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Blender Art Magazine #14

Blender Art Magazine #14

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Published by mefjak

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Published by: mefjak on May 20, 2009
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Issue 14 | Jan 2008
Blender learning made easy- Cristian Mihaescu ‘Hope for a dinner’
Making a Low Poly Character
 
Material Retouching
 
Creating Cartoony animation
 
Learning the BGE
 
Blender Game Networking
 
Case Study BRE
 
Gaurav Nawani
Sandra Gilbert
Nam Pham
Gaurav, Sandra, AlexKevin BraunPhillip RyalsBruce WestfallJoshua LeungLynda SchemanskyEric PranauskNoah SummersJoshua ScottonMark WarrenWade BickPatrick O'DonnellBrian C. TreacyScott HillHenriel VeldtmannBrian Cordell HyndsBrian TreacyHusam IbrahimIgor KrianovskijititrxJohn BureshMal DuffinNanmoRogério PerdizTobias Dahl NielsenCristian Mihaescu ‘Hope for a dinner’
CONTENTS
Modeling & Rigging a Cartoon-looking Spider
 
Making a Low Poly Character from High Poly
 
Material Retouching using Node & Vertex Color
 
Creating a Cartoony animation with Blender
 
Learning the Blender Game Engine
 
Blender Game Networking
 
Making of Orion Tear
 
Making of Tenage Duck
 
Making of Monkey Game Project
www.blenderart.orgIssue 14 | Jan 2008 - Cartoon & GE
2
 
Case Study Blender Realtime Engine
 
Even after years of using Blender, the wide scope of pos-sibilities for creativity in Blender still amazes me. Youcan create whatever you imagine, from cartoons togames. And in this issue, it is that very diversity that weare going to explore.Growing up I was always fascinated by cartoons, and tothis day I still enjoy watching cartoons. Especially with allthe advancements in technology paving the way to evermore amazing feats of animation possibilities.3D modeling programs have changed the look of car-toons and yet the basic concepts developed by the“cartoon masters" remain the same. 3D programs, in-cluding our beloved Blender, allow us the freedom tocreate cartoons in any style that appeals to us. Some-thing that, while possible, was far more difficult usingtraditional "cel" techniques. From the "traditional" look toanime, cartoons are becoming a popular medium of ar-tistic expression.As 3D animation becomes more popular, the line be-tween cartoon and animation converges and continues toblur, causing the two words to become interchangeable.In fact with the growing number of full length 3D anima-tion movies being produced, the definition of cartoon isexpanding as fast as the imaginative minds of the anima-tors creating them. Decreasing costs of higher pricedmodeling software and free programs like Blender letanyone try their hand at creating their own cartoons andanimations, opening up the cartoon/animation field to anew wave of young cartoon lovers and would be crea-tors.Building off the growing popularity of cartoons, gamesare quickly becoming an artistic force in their own right.These days, you can find games based on many popularcartoons, animations and movies as well as original con-cepts. In fact “gaming” has become a big industry withgrowing opportunities for those skilled in modeling, tex-turing and yes even character animation. Many gamecompanies are seriously in need of 3D artists, and I ambetting that need will continue to grow as technologyadvances and the possibility for more graphic intensegames grows. Game creation uses a lot of the same skillsand talents as animation. Knowledge of modeling, textur-ing and character animation is a great help whether youare creating your first game masterpiece or your hun-dredth.Of special interest to us is the fact that Blender can beused to either create your game assets for exporting to aseparate game engine or you can create games rightwithin Blender itself. The Blender Game Engine has seena great number of improvements over the years, leadingto a growing segment of our community learning to de-velop game assets, demos and full games. As the com-munity grows, solutions are being found, new techniquesare being created and ways to use Blender's logic bricksmore effectively both with and without additional Pythoncoding has led to a growing number of games being cre-ated and released in theGE forums. The variety of gamesbeing created is as imaginative as the artists that havedevoted their time to the GE.So whether you are an animator, budding game creatoror simply curious about areas of Blender that you haven'tyet learned, we have you covered. We have gathered upsome really great articles to get your creativity up andrunning.Happy Blending!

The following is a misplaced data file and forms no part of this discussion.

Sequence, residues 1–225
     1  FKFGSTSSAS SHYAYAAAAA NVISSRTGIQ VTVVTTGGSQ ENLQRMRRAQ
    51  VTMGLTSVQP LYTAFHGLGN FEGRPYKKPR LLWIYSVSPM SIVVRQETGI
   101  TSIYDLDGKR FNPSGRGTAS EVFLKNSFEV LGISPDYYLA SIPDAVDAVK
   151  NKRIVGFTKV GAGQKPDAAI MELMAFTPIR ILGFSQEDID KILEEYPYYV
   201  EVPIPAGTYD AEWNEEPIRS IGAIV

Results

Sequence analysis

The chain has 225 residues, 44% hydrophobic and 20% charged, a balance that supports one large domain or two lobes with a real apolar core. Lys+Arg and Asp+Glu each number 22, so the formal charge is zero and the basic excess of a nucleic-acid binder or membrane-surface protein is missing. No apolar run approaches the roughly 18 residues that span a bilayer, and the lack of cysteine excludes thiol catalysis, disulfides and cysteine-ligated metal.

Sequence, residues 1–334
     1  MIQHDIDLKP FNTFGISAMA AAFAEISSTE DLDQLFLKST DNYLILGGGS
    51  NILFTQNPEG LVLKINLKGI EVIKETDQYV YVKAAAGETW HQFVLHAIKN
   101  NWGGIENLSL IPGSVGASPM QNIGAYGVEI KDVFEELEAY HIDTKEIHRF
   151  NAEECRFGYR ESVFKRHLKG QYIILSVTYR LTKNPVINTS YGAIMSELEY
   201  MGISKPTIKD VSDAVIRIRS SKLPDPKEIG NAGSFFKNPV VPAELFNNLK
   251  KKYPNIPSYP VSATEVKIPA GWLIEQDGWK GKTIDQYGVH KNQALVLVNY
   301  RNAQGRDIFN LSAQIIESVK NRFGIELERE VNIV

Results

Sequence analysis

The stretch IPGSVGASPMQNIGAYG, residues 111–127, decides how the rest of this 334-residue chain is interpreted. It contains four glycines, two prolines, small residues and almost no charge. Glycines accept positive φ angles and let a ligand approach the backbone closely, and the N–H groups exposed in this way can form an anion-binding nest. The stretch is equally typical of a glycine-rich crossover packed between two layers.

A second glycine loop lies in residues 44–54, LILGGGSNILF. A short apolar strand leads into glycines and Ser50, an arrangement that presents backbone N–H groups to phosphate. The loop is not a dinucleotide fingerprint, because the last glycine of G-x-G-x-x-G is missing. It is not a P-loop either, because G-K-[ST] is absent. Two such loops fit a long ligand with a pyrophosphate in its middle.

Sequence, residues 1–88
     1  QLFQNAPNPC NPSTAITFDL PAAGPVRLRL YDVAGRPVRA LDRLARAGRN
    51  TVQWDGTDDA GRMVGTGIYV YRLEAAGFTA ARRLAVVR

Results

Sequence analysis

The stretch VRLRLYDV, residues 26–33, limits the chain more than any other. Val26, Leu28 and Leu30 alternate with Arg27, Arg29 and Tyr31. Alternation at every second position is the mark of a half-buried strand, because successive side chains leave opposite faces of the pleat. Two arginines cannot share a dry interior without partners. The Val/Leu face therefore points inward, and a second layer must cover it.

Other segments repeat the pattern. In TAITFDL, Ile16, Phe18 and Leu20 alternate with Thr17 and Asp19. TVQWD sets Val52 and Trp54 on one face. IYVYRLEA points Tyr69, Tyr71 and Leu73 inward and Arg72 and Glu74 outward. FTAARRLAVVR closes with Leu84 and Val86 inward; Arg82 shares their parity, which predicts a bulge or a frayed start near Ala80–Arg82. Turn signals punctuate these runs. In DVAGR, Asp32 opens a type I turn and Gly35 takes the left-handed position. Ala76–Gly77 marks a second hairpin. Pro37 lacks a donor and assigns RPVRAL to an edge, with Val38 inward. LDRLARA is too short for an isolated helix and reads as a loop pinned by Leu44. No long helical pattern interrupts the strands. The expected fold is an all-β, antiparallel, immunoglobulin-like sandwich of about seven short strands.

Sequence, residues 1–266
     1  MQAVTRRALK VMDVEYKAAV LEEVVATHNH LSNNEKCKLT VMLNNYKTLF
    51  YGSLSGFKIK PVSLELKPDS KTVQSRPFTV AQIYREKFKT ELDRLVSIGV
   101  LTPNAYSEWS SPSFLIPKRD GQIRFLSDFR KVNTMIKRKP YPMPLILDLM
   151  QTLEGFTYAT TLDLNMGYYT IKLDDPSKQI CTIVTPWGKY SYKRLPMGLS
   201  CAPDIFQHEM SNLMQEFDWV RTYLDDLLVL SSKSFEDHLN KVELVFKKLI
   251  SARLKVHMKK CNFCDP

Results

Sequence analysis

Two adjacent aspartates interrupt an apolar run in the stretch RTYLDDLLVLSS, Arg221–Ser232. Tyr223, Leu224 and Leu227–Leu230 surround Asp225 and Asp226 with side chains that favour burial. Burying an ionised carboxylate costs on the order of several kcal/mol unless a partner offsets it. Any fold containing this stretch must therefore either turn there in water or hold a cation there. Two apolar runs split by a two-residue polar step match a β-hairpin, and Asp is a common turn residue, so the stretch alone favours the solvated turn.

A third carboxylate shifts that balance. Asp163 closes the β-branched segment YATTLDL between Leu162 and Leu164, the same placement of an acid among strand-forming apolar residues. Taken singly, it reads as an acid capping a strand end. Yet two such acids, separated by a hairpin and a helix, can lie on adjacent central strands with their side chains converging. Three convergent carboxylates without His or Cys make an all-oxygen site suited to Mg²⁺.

Managing Editor
EDITORIAL
3
www.blenderart.orgIssue 14 | Jan 2008 - Cartoon & GE

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